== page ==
Beach Access Negotiations:  This approach is to negotiate with the ocean-front owners for access to Moody Beach.  This approach was very successful at Goose Rocks Beach in Kennebunk when a Beach Users Agreement was signed between 60% of the ocean-front owners and the community (for details peruse the various GRB links on the New & Links page for further info).  The leverage the public/ Moody Beach community has to negotiate with the owners will ebb and flow.  Significant leverage currently comes from a.) the GRB title trial providing beach ownership BACK to the town, b.) Professor Delogu's efforts to overturn the Maine Supreme court cases at Moody Beach.  As time goes on leverage will change according to the latest court proceedings and access efforts .......  Interestingly, access to Moody Beach was negotiated before.  After the Moody Beach decision, the town negotiated access for the back-lot owners and their guests for the beach below the mean high-tide level, but this was rejected by the back-lot owners - probably since it was far short of the access they had always had prior to then.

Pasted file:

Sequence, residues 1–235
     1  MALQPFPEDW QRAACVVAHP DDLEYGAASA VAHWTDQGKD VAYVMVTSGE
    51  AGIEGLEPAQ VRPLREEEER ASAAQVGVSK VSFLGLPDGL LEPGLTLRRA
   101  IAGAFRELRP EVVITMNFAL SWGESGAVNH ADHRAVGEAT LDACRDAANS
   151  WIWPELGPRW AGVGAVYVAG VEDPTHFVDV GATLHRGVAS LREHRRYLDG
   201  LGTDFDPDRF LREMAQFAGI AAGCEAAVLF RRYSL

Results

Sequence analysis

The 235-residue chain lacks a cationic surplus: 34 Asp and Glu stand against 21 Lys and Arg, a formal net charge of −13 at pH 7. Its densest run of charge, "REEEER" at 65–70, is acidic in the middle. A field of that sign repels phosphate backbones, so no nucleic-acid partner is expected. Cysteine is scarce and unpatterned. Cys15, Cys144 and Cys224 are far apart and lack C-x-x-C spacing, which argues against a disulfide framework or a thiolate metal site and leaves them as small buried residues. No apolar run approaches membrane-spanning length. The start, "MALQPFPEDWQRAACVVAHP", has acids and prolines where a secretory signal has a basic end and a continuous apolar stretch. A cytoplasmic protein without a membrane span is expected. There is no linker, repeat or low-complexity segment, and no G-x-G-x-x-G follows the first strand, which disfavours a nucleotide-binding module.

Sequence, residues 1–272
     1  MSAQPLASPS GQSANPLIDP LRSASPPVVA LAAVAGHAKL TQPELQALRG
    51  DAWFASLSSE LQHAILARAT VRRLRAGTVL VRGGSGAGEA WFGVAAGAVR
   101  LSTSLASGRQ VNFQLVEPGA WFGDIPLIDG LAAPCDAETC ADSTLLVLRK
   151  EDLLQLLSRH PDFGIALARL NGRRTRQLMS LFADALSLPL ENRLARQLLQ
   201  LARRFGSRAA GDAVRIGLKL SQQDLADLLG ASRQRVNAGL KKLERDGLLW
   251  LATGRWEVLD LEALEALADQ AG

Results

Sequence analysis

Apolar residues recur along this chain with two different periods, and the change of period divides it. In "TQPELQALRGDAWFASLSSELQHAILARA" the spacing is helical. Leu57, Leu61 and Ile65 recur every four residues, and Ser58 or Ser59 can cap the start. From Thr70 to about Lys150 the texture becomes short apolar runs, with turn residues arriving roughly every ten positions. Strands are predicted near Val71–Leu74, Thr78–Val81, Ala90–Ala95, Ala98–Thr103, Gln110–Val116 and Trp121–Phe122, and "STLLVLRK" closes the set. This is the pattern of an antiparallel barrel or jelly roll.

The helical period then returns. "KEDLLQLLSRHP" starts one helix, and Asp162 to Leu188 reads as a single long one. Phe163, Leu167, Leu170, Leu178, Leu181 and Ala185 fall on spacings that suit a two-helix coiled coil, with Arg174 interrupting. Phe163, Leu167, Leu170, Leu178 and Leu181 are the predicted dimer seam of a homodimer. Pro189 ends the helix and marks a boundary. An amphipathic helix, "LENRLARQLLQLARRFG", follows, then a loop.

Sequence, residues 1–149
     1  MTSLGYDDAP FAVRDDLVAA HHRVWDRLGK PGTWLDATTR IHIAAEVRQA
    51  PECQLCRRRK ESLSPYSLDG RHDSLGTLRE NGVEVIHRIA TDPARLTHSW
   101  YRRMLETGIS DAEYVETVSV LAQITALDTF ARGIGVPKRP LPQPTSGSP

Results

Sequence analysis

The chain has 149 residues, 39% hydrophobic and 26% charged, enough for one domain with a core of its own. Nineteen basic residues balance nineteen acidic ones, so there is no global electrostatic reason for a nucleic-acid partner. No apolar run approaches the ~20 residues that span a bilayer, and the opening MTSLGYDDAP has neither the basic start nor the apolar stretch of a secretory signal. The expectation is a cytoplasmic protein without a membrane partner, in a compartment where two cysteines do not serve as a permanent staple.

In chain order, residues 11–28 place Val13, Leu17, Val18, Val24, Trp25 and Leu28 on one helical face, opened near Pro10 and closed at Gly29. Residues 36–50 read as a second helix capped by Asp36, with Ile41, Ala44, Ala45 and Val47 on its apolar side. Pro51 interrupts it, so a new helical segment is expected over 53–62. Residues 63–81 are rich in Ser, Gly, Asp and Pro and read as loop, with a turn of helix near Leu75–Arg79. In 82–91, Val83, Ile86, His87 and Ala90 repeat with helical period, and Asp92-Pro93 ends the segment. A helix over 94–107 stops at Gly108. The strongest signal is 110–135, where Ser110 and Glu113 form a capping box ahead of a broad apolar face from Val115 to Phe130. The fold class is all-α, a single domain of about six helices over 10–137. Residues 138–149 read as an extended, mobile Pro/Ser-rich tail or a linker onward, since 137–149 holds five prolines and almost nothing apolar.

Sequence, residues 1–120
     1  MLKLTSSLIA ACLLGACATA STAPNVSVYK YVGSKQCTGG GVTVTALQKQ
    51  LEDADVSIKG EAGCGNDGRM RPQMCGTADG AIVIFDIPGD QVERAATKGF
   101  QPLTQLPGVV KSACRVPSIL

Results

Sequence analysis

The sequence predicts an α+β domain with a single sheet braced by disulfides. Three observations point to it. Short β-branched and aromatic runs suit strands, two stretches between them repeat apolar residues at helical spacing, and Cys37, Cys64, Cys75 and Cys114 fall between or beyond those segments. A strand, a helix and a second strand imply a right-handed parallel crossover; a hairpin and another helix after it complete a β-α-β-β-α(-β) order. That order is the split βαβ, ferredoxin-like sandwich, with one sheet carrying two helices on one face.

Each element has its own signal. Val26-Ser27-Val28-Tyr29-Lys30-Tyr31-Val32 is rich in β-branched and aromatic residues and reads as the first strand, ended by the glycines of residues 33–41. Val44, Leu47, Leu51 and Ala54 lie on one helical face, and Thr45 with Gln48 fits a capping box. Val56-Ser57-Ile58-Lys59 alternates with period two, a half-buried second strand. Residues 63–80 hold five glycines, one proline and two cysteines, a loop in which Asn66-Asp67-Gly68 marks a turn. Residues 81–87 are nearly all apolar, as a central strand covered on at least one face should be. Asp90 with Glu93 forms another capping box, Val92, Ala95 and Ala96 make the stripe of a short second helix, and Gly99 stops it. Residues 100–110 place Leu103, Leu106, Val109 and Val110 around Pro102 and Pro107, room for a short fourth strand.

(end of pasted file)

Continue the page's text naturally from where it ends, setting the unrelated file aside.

PTD Enforcement / Interpretation:  Ultimately what is and isn’t an allowable beach activity is dependent on how the town enforces the PTD.  This approach includes finding out the specifics on what police look for in determining allowable activities vs. determining trespassing, and using that knowledge to maintain access when contested by an owner.  Approach also could include getting the town to expand what is allowable based on the current list of allowable activities.  For example, a recent call to the Wells police found that if someone has a fishing “line in the water”, they will not be asked to leave.  Similar enforcement details could be used for all activities that are currently allowable under the PTD.